Informal FAQ: Some frequently asked questions about the alignment algorithm, some common misconceptions, and some things that people should ask.
Use the form below to add questions.
Q: Another tool, really?
A: This is not a tool (yet), this is a different algorithmic approach.
Since this is a new approach, one can write tools with new properties. Some of these properties can be speed and design flexibility.
There is a prototype implementation, which demonstrates some properties and works like an alignment tool, but I am not proposing that this prototype should replace existing tools as is.
Also: traditional alignment is probably not the most interesting application for this algorithm. What other things can be done when this type of string search is “free?”
Q: Why would anyone need faster algorithms? Do alignment or assembly take any significant computation resources or slow down any step of the analysis?
A: Sequencing throughput is rapidly growing. Speed is a problem in some applications now, and it is likely to become a bigger problem in the future.
This algorithm is designed mainly for problems where search is a real limiting factor: large repetetive references and large datasets.
Q: I am not interested in algorithms, theory, prototypes, DNA statistics, speed, flexibility or new applications.
A: At this point, I am wasting your time.
Q: How fast can it be?
A: The current first implementation is faster than comparable tools. The implementation does not use SIMD/SSE and only indexes one direction of the reference. Some later variations of the implementation demonstrate some of the ways to increase the speed and accuracy.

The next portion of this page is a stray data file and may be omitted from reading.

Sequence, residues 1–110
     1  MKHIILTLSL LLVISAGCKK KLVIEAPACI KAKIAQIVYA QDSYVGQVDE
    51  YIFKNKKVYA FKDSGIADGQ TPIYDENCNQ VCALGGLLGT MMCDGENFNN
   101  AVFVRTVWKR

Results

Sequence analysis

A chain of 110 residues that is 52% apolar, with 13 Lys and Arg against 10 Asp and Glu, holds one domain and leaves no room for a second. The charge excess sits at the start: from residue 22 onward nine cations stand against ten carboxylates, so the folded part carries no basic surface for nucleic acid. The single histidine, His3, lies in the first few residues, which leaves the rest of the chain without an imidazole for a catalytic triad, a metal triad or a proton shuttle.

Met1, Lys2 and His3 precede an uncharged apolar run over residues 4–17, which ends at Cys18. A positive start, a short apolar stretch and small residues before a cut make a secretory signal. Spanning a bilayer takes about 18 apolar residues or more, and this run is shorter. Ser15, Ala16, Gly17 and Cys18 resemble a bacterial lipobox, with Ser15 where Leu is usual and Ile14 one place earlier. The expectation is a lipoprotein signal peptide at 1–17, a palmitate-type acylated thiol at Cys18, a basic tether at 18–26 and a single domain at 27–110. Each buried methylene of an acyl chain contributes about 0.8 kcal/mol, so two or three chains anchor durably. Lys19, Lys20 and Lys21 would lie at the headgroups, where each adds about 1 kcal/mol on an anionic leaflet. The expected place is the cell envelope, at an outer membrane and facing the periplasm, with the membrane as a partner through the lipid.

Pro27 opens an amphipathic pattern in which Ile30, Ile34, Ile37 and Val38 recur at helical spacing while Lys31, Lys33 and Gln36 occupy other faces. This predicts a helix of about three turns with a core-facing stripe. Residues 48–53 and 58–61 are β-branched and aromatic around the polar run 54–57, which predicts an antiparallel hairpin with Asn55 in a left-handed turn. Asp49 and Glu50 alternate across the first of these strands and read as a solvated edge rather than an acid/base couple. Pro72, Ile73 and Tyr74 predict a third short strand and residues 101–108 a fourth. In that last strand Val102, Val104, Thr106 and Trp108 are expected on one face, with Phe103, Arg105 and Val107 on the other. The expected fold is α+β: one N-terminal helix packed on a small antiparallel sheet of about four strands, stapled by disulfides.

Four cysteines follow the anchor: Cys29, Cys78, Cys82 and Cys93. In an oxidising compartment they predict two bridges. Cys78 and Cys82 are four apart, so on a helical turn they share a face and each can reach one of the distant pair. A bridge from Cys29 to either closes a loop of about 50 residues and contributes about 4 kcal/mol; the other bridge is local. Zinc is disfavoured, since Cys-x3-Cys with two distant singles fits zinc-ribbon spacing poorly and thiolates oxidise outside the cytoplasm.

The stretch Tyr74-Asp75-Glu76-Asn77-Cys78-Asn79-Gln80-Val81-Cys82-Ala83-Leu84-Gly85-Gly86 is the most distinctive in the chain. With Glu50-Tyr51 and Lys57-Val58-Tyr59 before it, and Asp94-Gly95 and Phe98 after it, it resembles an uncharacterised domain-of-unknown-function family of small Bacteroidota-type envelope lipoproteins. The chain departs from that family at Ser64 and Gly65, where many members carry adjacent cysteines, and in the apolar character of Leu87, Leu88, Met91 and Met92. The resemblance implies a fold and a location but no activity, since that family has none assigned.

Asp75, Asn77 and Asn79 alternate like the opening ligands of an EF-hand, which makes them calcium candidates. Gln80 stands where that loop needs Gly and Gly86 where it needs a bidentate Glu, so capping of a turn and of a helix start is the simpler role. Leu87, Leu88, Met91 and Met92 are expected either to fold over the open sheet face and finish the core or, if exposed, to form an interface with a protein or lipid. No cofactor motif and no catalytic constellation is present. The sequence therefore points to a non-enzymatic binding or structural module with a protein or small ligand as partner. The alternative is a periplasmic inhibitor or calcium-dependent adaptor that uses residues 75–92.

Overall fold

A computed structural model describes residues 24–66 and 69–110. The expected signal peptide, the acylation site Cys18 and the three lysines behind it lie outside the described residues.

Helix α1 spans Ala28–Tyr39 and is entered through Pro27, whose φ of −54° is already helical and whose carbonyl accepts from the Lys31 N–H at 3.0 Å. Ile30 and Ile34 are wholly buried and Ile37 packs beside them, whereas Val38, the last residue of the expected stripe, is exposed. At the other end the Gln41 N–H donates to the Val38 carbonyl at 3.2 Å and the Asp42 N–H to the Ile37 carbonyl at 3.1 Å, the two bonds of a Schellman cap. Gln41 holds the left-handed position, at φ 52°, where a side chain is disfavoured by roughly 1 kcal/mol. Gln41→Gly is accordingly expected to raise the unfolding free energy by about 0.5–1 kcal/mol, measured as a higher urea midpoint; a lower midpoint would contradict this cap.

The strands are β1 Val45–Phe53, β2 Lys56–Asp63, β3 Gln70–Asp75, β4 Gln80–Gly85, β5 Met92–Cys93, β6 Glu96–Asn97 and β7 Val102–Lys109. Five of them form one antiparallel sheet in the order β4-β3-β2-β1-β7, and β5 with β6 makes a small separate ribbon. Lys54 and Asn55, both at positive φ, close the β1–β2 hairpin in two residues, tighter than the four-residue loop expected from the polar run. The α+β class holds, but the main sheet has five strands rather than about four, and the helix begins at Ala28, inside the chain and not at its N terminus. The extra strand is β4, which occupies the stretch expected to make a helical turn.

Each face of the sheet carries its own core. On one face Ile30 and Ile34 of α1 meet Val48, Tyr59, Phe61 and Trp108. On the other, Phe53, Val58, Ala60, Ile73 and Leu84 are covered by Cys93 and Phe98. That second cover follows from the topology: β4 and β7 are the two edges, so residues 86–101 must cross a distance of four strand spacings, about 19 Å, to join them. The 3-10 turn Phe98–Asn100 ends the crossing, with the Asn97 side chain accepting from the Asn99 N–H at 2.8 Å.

The efficient mature software will be A LOT faster.
Q: These algorithms require a supercomputer!
A: The memory requirement is roughly proportional to the size of the reference. Alignment to a human genome require less than 16GB of RAM. If memory is an issue, there are versions that require much less RAM. More RAM can give more flexibility and better performance.
RAM is cheap. One can buy 16GB of RAM for as little as $50 (Dec 2012, and probably less by Dec 2013). If the speed and flexibility do not justify the investment in additional RAM, one can use a version that requires less memory, but the task is probably small enough that one can use alternative solutions.
Q: The program does not have a name.
A: The current implementation is a basic prototype. I don’t want people to mistake it for a mature tool, so I didn’t give it a name. Feel free to propose names in the comments below.
Q: Why do you sometimes say “approximate alignment” or “mapping to the right area”.
A: When I measure alignment results, I sometimes count an alignments as correct even if they are a few base-pairs off. I do this because different programs (not only the prototype) have slightly different reporting standards. In any case, the shifts are so small that the approximate alignment can easily be fixed before it is used (contact me if you are looking for an algorithm for this).
Some versions of the first prototype can be a few base-pairs off in some cases of indels. This is a known issue in the prototype, that should be fixed in future versions, but it does not affect the results.
Q: Why doesn’t the tool do X?
A: For the same reason it does not do Y, because it is not a tool, but rather a prototype. If you have an interesting experiment involving X, contact me.
Q: I tried to use the prototype for X, and it segfaulted.
A: Great, you found a bug in the prototype. If you tried the example in the readme file, and if your the input files are similar in format to the example, let me know about the problem.
This is not a mature tool. It is a prototype implementation, designed to demonstrate permutations-based algorithms. If you are looking for ways to crash this prototype, I will provide you with many ideas.